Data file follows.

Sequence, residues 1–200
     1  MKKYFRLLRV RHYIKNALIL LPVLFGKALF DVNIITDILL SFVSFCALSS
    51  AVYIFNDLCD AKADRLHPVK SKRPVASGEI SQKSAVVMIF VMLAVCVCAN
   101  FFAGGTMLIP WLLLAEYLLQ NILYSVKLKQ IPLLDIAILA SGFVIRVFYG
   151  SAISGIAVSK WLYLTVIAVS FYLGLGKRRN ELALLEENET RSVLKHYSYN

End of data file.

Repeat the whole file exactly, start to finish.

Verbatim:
Sequence, residues 1–200
     1  MKKYFRLLRV RHYIKNALIL LPVLFGKALF DVNIITDILL SFVSFCALSS
    51  AVYIFNDLCD AKADRLHPVK SKRPVASGEI SQKSAVVMIF VMLAVCVCAN
   101  FFAGGTMLIP WLLLAEYLLQ NILYSVKLKQ IPLLDIAILA SGFVIRVFYG
   151  SAISGIAVSK WLYLTVIAVS FYLGLGKRRN ELALLEENET RSVLKHYSYN